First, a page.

Newsletter - Volume 1 #3

SUBJECT: The Enrichment of Our Childhood by American Authors

Having given the British authors their due in the previous newsletter, here are  several  great American authors who have enriched our childhood. However,  interestingly enough, in the U.S., these books fall into two categories: literary, and a combination of words and pictures whereas the British books are generally  literary.  

Predominantly  Literary:

Louisa May Alcott - Little Women, Jo's Boys, Little Men, Eight Cousins and more.
Richard Atwater - Mr. Popper's Penguins
J. Frank Baum - The Oz series, 14 in all.
James Fenimore Cooper - The Last of the Mohicans, etc.
Madeleine L'Engle - A Wrinkle in Time, etc.
Eugene Field - The Sugar Plum Tree, Wynken Blynken and Nod, Gingham Dog & Calico Cat, etc.
Bret Harte - The Luck of Roaring Camp, Outcasts of Poker Flats, Tales of the Argonauts
Nathaniel Hawthorne -
The House of Seven Gables, etc.
Washington Irving -
The Legend of Sleepy Hollow, Rip Van Winkle, etc.
Norton Juster - The
Phantom Tollbooth
Harper Lee -
To Kill a Mocking Bird
Jack London - 
The Call of the Wild
Henry Wadsworth Longfellow - Evangeline, Hiawatha, etc.
Clement Moore - 
'Twas the Night Before Christmas 
J.D. Salinger -
Catcher in the Rye, etc.
Carl Sandburg -
Poems for Children; The Rootabega Stories.
John Steinbeck - Travels with Charley, The Pearl, The Red Pony.
Mark Twain - Tom Sawyer, Huckleberry Finn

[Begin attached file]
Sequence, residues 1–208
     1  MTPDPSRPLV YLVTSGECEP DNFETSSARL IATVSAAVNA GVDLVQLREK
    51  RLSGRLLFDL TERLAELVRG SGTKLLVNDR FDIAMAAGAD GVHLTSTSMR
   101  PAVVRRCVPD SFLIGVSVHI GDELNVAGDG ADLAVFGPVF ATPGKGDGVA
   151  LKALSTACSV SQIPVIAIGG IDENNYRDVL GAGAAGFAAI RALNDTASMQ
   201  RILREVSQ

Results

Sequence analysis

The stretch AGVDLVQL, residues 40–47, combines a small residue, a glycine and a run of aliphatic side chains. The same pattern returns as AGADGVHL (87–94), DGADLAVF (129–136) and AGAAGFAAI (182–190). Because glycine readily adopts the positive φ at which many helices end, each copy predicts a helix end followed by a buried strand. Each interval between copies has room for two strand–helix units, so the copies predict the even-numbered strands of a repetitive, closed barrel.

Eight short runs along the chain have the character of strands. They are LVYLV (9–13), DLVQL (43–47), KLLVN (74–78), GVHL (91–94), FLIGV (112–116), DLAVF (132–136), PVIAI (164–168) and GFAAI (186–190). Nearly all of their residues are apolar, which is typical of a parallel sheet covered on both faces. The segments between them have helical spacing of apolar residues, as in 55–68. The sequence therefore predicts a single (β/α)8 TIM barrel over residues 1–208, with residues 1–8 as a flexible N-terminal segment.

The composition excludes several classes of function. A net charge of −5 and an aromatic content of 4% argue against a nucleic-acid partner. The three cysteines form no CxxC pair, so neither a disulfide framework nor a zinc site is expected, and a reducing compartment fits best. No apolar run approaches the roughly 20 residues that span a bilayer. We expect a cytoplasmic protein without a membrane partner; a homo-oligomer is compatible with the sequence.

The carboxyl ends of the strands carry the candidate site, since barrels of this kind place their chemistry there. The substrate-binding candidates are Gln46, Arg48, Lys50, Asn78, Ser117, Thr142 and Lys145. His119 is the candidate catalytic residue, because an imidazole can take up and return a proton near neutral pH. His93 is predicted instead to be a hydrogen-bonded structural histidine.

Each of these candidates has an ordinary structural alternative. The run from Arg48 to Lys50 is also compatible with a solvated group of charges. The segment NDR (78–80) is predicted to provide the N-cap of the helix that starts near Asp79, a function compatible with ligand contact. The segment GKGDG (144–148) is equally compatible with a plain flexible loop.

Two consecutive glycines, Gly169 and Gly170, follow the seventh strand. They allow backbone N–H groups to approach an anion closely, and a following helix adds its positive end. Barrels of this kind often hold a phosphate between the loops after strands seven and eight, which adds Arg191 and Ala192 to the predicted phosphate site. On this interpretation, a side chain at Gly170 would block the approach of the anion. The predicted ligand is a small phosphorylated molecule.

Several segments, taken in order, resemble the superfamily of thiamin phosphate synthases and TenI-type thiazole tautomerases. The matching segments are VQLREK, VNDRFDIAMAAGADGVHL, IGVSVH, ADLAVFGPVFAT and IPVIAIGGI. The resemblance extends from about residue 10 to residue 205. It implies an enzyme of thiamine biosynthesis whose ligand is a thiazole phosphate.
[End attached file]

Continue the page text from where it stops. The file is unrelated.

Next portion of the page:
A Combination of Words and Pictures

Chris Van Allsberg - The Polar Express, Two Bad Ants, Jumanji, plus, plus, plus
Joan Walsh Anglund -
A Friend is Someone who Likes You, etc.
Ludwig Bemelmans -
Madeline series
Jan Brett - The Mitten, The wild reindeer, etc.
Margaret Wise Brown -Goodnight Moon, The Runaway Bunny, etc.
Demi -
Has illustrated and enhanced several classics in a delicate Chinese manner. Exquisite work.
Jean Fritz -
High on my list for her wonderful grammar school level books on U.S. history.
Theodore Geisel (Dr. Seuss) -
The Cat in the Hat, Yertl the Turtle, the Lorax, plus, plus, plus 
Johnny Gruelle -
The original Raggedy Ann and Andy Stories.
Ruth Heller -
Kites Sail High (grammar series), The Reason for a Flower ( 1 of 4 in origin series)
Crockett Johnson -
Harold and the Purple Crayon series
Ruth Krauss -
A Hole is to Dig
Munro Leaf -
Ferdinand
Lois Lenski -
The Mr. Small books (back in print! - Hurray!)
Robert McClosky - Make Way for Ducklings, One Morning in Maine, Blueberrys for Sal, etc.
H.A. & Margaret Rey -
Curious George series, Find the Constellations.
Maurice Sendak - 
Where the Wild Things Are, In the Night Kitchen
Tasha Tudor - A Time to Keep, Give us This Day, The Great Corgiville Kidnapping, etc. 

Clearly, in the U.S. in modern times, we have developed a tradition of superb illustration as part of the story. Both words and pictures are integrated. In fact, we are in a golden era of children's book illustration. If we have left any out, please let us know. 

In creating these lists, it is important to note a few others that have arrived from overseas in translation. These would include Grimm's Fairy Tales, Hans Christian Anderson Stories, Babar the Elephant, and Le Petit Prince ( now available in 5 languages).

All of these books point to the same two facts: a strong story line and in the literary group, adult use of the English language. Please note that  those in the literary group almost all date from the 19th century - early 20th century.

Again, I urge adults to reread the McGuffey Readers - grades 4-6.



We would be delighted to hear from you with suggestions, questions or comments. Our e-mail address is: BooksInk@aol.com. We look forward to your correspondence.

 

 

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